New study determines pressure pain threshold

The Department of Physiotherapy of the University of Valencia, in collaboration with the Institute of Biomechanics of Valencia, has determined the limit pressure point to which different parts of the foot can be subjected before feeling discomfort.

These values vary depending on age, gender, or body mass index. The base of the big toe is the weakest part, and the heel is the area that holds the most pressure. Around the age of 65 there is a turning point with respect to pain tolerance in the sole of the foot. As a novelty, this study has focused on discomfort, a precursor to pain, unlike other research that has looked at the point where pain begins.

"This is a pioneering study, which expands knowledge about these sectors of the population in their response to plantar pressures", said Lirios Dueñas, professor of the Department of Physiotherapy at the University of Valencia and main researcher of this study. She says that this study could help the booming sector of footwear customisation to achieve more comfortable results, as "so far, footwear design focuses on areas where more pressure is exerted during walking, instead of where this pressure has the most effect".

The results of the study, the aim of which is to be able to improve orthopaedic treatments and the design of footwear according to the needs of each individual, show clear differences between the variables. In all the spectra studied, the data shows more of a difference between minors and people over 65 than between people aged 20 to 35 and those aged 50 to 65.

The data also reveals that the PDT (an indicator that shows the maximum pressure the subject's soles have undergone before experiencing discomfort) is higher in women than in men. It is also higher in the obese and the elderly compared to the rest. These results could be due to differences in elasticity and skin thickness. Characteristics that deteriorate over time and are more present in areas of greater use or presence when walking.

Discomfort is a mechanism that warns us of pain, so a lower perception of it can lead to problems such as hyperpressure."

Lirios Dueñas, Study Main Researcher and Professor of  Department of Physiotherapy, University of Valencia

The tolerance threshold for the elderly and overweight is higher, possibly due to lower proprioceptive information, resulting in failures in activating defense and protection mechanisms. In this case, one of these mechanisms would be to change the biomechanics when walking to reduce the load on the affected area.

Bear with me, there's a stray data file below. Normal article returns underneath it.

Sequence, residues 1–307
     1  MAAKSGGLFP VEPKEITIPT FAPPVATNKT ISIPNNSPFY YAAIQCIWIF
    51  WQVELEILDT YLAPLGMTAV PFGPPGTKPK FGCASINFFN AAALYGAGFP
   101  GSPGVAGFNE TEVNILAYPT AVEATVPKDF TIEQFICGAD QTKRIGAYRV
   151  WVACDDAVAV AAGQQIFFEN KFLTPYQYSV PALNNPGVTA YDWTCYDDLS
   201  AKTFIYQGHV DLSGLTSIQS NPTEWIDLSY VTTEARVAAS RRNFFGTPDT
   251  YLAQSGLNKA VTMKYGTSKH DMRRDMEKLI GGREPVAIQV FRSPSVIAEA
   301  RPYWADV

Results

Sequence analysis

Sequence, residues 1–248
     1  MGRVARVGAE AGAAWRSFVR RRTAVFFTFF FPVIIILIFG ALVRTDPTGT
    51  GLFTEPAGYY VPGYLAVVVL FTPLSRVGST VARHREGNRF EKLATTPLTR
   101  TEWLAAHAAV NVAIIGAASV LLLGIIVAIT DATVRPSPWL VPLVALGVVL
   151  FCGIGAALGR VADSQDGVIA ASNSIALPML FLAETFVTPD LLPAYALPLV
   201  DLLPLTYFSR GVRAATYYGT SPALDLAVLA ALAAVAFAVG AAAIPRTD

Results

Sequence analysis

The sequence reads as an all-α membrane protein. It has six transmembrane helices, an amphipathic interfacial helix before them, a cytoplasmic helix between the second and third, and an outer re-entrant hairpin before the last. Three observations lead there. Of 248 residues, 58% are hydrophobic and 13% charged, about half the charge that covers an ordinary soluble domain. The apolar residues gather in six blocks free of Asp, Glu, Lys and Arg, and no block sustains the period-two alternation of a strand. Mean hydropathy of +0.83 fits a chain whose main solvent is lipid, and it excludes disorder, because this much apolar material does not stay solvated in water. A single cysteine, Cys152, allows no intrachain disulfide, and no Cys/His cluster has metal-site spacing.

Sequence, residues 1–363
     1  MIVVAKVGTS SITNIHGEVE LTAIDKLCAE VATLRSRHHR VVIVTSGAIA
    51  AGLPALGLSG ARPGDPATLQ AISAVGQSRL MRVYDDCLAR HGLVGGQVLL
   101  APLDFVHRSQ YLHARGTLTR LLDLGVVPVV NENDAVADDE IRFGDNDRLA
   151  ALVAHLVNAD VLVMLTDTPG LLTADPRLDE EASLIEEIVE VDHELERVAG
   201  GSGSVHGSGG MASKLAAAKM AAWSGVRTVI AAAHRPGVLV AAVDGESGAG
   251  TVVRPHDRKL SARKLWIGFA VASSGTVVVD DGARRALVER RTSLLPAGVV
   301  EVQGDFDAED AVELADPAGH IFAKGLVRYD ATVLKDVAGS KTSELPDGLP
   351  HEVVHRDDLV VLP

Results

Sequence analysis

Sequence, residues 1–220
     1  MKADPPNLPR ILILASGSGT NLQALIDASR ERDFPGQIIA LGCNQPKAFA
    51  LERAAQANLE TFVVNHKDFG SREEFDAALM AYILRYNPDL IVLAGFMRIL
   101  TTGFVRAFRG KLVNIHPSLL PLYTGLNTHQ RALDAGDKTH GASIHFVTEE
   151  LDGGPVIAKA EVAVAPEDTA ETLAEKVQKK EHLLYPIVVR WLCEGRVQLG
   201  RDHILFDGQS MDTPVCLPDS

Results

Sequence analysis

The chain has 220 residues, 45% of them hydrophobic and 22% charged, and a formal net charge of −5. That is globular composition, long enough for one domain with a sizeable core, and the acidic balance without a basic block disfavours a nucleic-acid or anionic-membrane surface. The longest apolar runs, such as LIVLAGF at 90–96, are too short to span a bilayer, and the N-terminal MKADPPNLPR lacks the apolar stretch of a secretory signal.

Women have shown higher tolerance thresholds than men. Different studies point to gender differences in tolerance thresholds in different areas of the body. This is something that, according to professor Dueñas, may be due to social and cultural factors, such as, in this case, the use of more uncomfortable footwear.

A group of 36 people was used to conduct the study, who were chosen while attempting to avoid previous pathologies and other circumstances that may alter the results. With this group, three subgroups were formed: the first between 20 and 35 years of age; the second between 50 and 65; and the last, over 65. Of this total population sample, the number of men and women was equal and about 30% were obese.

The method used is different from other studies that focused on pain when walking. This study has focused on discomfort. To determine the limit point at which you start to feel discomfort, pressure was applied at different points on the sole of the foot at repeated intervals to simulate the act of walking.

The pressure stopped increasing the moment the subject said "Stop!" and pressed a trigger button with their hand. The mark that reaches the dynamometer at this time is what is called PDT (pressure discomfort threshold) and differs from PPT (pressure pain threshold), which was used in other studies.

Source:
Journal reference:

Dueñas, L., et al. (2021) Influence of age, gender and obesity on pressure discomfort threshold of the foot: A cross-sectional study. Clinical Biomechanics. doi.org/10.1016/j.clinbiomech.2020.105252.

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